Acute oral LD50 in Bobwhite Quail - greater than 2251 mg/kg
Eight day dietary LD50 in Mallard - greater than 5000 ppm
Eight day dietary LD50 in Bobwhite - greater than 5000 ppm
b. Aquatic organisms Technical 4 EC 10G
96 hour LD50 in Bluegill
Sunfish 1.3 mg/l 4.9 mg/l 46.0 mg/l
96 hour LD50 in Rainbow
Trout 1.2 mg/l 9.6 mg/l 52.5 mg/l
48 hour LD50 in Daphnia
magna 0.43 mg/l (58)
V. EMERGENCY AND FIRST AID PROCEDURES
The chemical information provided below has been condensed from
original source documents, primarily from "Recognition and Management
of Pesticide Poisonings", 3rd ed. by Donald P. Morgan, which have been
footnoted. This information has been provided in this form for your
convenience and general guidance only. In specific cases, further
consultation and reference may be required and is recommended. This
information is not intended as a substitute for a more exhaustive
review of the literature nor for the judgement of a physician or other
If poisoning is suspected, do not wait for symptoms to develop.
Contact a physician, the nearest hospital, or the nearest Poison
SYMPTOMS AND SIGNS OF POISONING: Some of these agents
((mono)thiocarbamates) are irritating to skin and respiratory mucous
membranes, causing ITCHING, SCRATCHY THROAT, SNEEZING, and COUGH, if
excessive amounts of spray or dust are inhaled. Apart from this
effect, toxic potential is low. Neurotoxic and post-ethanol "antabuse"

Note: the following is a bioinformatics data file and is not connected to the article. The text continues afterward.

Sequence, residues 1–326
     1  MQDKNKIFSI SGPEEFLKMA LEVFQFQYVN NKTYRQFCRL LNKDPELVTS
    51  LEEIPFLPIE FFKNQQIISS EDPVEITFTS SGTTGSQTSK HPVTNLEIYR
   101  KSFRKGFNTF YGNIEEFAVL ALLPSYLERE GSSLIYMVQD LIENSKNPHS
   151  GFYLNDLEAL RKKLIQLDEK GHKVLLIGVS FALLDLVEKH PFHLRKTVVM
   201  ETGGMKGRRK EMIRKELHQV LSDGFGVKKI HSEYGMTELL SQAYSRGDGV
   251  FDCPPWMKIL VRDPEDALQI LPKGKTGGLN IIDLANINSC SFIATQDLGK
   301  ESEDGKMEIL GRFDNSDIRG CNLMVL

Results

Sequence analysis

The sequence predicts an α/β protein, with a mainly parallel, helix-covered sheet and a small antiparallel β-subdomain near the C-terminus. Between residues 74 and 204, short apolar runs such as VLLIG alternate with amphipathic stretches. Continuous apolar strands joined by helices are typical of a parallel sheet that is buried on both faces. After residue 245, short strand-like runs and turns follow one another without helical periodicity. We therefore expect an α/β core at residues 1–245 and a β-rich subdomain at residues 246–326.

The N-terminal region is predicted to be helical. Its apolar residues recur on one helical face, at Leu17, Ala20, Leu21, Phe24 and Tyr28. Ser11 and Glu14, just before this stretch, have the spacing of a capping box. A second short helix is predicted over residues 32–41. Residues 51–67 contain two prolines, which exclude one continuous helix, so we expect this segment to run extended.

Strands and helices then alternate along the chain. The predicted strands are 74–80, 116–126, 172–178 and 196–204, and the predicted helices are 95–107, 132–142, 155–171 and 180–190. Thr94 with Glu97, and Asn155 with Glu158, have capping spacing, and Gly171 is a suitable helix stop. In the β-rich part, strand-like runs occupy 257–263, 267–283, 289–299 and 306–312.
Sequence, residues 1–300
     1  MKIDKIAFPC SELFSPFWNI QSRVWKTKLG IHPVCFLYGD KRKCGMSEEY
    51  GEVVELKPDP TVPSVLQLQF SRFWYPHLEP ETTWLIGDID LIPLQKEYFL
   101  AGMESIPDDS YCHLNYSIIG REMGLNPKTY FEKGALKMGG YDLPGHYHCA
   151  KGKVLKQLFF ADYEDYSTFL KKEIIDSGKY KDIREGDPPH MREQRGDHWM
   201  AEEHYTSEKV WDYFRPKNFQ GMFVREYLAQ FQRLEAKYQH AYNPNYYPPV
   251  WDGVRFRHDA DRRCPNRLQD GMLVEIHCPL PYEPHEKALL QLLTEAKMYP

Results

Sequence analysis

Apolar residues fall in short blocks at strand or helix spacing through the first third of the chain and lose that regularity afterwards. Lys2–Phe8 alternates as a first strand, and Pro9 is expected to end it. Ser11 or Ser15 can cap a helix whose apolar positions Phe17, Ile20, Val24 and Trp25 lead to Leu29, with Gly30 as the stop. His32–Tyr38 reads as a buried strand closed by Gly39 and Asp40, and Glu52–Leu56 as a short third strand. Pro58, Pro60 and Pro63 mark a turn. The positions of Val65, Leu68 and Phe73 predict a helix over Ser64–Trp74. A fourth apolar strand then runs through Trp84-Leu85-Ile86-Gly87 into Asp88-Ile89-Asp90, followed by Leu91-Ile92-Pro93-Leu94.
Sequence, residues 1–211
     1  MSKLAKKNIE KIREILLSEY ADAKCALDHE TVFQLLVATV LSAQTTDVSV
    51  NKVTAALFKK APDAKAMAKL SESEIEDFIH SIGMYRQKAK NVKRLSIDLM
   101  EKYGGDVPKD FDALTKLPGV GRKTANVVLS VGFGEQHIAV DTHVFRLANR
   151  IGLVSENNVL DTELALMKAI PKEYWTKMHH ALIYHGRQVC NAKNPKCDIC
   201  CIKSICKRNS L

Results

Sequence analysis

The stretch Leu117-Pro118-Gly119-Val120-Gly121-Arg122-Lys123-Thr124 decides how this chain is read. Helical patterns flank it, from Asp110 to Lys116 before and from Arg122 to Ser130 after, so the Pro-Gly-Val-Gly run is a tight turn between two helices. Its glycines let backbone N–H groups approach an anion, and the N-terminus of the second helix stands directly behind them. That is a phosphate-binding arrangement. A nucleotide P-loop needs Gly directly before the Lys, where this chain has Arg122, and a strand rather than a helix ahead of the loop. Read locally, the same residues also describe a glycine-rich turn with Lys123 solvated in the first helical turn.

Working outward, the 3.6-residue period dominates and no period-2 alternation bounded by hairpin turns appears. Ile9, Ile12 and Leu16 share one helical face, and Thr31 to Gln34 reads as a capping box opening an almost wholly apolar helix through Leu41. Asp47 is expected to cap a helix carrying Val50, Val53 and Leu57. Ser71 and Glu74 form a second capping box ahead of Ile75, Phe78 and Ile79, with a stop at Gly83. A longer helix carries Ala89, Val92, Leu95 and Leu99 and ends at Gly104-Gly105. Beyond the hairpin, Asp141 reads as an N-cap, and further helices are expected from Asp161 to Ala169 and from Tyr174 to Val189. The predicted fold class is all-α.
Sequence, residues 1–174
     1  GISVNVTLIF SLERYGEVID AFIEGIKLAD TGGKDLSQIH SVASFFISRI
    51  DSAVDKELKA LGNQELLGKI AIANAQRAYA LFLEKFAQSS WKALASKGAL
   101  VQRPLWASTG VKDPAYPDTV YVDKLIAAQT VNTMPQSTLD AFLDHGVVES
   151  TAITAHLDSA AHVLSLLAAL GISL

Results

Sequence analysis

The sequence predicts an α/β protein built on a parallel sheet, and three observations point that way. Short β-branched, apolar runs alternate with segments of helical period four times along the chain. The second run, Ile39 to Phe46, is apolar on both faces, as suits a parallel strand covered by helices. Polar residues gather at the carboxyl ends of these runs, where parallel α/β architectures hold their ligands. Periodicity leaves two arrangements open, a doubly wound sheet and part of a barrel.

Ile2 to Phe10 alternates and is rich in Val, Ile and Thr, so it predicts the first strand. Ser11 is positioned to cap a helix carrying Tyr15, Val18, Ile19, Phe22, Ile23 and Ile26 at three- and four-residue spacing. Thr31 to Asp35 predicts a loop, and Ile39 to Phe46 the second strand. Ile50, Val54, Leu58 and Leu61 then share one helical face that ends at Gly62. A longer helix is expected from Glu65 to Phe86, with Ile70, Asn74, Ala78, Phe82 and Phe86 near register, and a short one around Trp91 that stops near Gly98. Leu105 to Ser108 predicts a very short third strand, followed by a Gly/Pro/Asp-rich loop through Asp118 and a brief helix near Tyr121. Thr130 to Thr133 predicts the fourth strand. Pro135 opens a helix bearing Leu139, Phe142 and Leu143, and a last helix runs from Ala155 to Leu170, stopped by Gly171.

reactions are not known to occur as a result of contact with these
particular compounds (25).
SKIN CONTACT: WASH contaminating chemical from SKIN and HAIR with
soap and water. Persons sensitive to thiram (rubber-sensitive) should
be permanently REMOVED FROM CONTACT with compounds of this nature (25).
INGESTION: A. Give SYRUP OF IPECAC, followed by 1-2 glasses of
water, to induce vomiting (adults: 30 ml; children under 12 years: 15
ml). Following emesis, administer 30-50 gm ACTIVATED CHARCOAL to bind
toxicant remaining in the gut.
B. Follow charcoal with SODIUM or MAGNESIUM SULFATE,
0.25 gm/kg, to remove toxicant from the gut by catharsis (25).
EYE CONTACT: FLUSH contaminant from EYES with fresh water for
10-15 minutes (25).
VI. FIRE AND EXPLOSION INFORMATION
Nonflammable. Open cup - 95 C, closed cup - 90 C (58).
Usually compatible with sprayable fluid fertilizers. Noncorrosive
VIII. PROTECTIVE MEASURES
STORAGE AND HANDLING: Indefinitely stable. Insensitive to light or
PROTECTIVE CLOTHING: To avoid contact with skin and eyes, wear rubber
gloves and goggles when handling or spraying (56).
IX. PROCEDURES FOR SPILLS AND LEAKS
IN CASE OF EMERGENCY, CALL, DAY OR NIGHT
PESTICIDE TEAM SAFETY NETWORK/CHEMTREC
X. LITERATURE CITED
8b. Thomson, W.T. 1981. Agricultural chemicals - book 2:
herbicides. Revised ed. Thomson Publications, Fresno, CA.
25. Morgan, D.P. 1982. Recognition and management of pesticide
poisonings, 3rd ed. U.S. Environmental Protection Agency,
Washington, DC. 120 pp.
56. Farm Chemicals Handbook, 70th ed. 1984. R. T. Meister, G. L.
Berg, C. Sine, S. Meister, and J. Poplyk, eds. Meister
Publishing Co., Willoughby, OH.
58. Weed Science Society of America, Herbicide Handbook Committee.
1983. Herbicide handbook of the weed science society of
America, 5th ed. Weed Science Society of America, Champaign,
IL. 515 pp.
62. The Pesticide Manual: A World Compendium, 7th ed. 1983. C.R.
Worthing, ed. The British Crop Protection Council, Croydon,
England. 695 pp.